Based on prior work done in the Maryland NanoCenter?s FabLab in the Jeong H. Kim Engineering Building, a Maryland corporation has won two NASA grants for future work in the facility.
Applied Sensor Research & Development Corporation (ASR&D), a small, female-owned business in Arnold, Md., was selected for two Phase II research projects under NASA?s Small Business Technology Transfer program.
"[The FabLab staff] were all extremely helpful in our Phase I work," said Jacqueline Hines, owner of ASR&D. "And the availability of a resource like the nanofab facility to small companies like ASR&D is truly an enabling factor for our company to do this type of work."
The first project, titled "Passive wireless hydrogen sensors using Orthogonal Frequency Coded acoustic wave devices," involves development of sensors for application to hydrogen leak detection. A more detailed description of the project can be found online.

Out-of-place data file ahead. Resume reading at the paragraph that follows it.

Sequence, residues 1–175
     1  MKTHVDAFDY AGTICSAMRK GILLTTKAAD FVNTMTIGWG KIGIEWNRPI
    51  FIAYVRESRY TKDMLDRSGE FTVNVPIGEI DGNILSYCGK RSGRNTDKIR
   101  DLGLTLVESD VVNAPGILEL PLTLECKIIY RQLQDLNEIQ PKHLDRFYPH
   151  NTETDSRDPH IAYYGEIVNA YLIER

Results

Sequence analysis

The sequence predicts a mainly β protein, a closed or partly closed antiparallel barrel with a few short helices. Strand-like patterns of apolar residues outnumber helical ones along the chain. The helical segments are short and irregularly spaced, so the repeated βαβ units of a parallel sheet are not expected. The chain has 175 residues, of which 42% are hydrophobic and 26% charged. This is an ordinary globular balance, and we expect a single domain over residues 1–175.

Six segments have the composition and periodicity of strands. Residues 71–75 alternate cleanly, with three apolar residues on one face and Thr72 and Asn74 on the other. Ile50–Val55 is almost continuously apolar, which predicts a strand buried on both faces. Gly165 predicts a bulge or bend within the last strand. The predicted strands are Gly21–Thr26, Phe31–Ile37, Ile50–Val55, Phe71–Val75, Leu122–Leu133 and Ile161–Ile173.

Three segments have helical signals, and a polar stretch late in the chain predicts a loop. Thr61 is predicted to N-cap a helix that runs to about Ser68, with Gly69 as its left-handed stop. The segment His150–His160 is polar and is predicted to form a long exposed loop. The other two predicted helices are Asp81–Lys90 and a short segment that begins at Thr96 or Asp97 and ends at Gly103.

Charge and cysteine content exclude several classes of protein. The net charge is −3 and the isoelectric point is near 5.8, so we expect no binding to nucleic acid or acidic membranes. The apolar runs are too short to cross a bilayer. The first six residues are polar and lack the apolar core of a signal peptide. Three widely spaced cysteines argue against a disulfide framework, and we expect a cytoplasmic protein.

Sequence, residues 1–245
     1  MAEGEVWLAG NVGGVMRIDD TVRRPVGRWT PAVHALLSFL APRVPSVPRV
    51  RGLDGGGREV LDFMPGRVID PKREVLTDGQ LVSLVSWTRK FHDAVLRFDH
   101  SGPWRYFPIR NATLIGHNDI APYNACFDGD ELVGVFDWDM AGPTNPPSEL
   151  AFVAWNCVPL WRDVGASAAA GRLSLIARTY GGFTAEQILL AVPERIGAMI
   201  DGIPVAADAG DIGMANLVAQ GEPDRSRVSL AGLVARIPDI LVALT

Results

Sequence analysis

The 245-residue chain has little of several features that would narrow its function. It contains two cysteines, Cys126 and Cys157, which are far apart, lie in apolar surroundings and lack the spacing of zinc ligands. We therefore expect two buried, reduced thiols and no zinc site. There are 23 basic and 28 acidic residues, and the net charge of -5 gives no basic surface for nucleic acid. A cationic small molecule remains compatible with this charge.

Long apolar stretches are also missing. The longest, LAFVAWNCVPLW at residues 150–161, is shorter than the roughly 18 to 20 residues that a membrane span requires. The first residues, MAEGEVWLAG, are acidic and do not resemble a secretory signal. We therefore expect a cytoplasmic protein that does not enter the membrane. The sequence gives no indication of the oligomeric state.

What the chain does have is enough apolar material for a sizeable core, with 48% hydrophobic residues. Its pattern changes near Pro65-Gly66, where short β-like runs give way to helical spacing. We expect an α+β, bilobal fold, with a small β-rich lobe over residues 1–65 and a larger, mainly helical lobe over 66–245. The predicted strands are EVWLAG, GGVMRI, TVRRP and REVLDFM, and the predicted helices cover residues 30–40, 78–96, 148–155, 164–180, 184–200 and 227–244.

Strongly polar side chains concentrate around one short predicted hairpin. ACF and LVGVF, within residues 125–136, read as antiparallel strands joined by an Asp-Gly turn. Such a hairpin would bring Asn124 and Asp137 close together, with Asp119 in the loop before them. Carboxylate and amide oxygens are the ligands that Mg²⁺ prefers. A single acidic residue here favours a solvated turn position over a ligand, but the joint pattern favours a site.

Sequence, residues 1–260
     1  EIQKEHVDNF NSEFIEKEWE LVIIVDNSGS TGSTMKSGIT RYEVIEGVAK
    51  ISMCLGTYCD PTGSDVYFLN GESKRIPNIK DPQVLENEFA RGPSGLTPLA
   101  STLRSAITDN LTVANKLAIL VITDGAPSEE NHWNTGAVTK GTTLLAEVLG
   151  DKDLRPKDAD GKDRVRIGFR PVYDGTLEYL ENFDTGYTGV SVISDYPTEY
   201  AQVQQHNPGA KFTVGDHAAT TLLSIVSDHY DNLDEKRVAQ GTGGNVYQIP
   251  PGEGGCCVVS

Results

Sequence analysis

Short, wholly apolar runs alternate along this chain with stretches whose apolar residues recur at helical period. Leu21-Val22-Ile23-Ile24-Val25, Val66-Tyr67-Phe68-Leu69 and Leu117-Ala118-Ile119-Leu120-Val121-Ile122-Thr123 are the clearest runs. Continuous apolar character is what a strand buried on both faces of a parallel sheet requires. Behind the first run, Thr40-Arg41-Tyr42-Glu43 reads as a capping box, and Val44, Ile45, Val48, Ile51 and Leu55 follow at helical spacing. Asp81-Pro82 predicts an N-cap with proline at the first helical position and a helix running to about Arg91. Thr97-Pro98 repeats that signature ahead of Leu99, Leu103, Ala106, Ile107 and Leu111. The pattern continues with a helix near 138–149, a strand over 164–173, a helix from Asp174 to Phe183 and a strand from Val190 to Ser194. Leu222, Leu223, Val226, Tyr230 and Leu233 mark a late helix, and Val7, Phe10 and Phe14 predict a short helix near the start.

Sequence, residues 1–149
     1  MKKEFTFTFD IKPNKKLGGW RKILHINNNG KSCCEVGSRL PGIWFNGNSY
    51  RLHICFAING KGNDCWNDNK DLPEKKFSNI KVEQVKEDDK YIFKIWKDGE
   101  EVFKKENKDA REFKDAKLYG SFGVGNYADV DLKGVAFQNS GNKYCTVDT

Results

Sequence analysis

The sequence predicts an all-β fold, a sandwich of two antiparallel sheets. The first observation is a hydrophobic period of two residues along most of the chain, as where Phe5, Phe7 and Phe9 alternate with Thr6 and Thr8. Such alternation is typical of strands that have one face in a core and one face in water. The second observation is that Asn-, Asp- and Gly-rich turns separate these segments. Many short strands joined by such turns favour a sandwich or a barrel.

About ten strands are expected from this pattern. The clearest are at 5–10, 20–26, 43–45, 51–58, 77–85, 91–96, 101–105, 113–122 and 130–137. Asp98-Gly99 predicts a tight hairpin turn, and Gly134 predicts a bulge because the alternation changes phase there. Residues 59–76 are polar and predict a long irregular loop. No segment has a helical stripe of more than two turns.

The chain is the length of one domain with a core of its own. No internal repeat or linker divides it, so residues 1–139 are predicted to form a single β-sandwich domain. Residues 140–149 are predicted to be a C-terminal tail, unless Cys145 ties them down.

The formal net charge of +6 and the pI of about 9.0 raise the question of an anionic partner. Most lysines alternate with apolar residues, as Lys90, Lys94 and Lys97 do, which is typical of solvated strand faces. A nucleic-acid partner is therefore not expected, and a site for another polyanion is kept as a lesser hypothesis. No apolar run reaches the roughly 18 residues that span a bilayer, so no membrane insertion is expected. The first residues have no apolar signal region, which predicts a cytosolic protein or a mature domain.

The second project, titled "Passive wireless cryogenic liquid level sensors using Orthogonal Frequency Coded acoustic wave devices," involves development of sensors for use inside cryogenic (extremely cold) liquid storage tanks to detect liquid levels. Additional information on this project also can be found online.
The Maryland NanoCenter's FabLab supports research programs in nano science and technology, micro-electromechanical systems, electronics materials and devices, bioscience and bioengineering applications and sensor/actuator systems. External users as well as university-affiliated researchers are able to use the facilities.
For further information about the Maryland NanoCenter and FabLab, please visit NanoCenter's web site.
April 6, 2007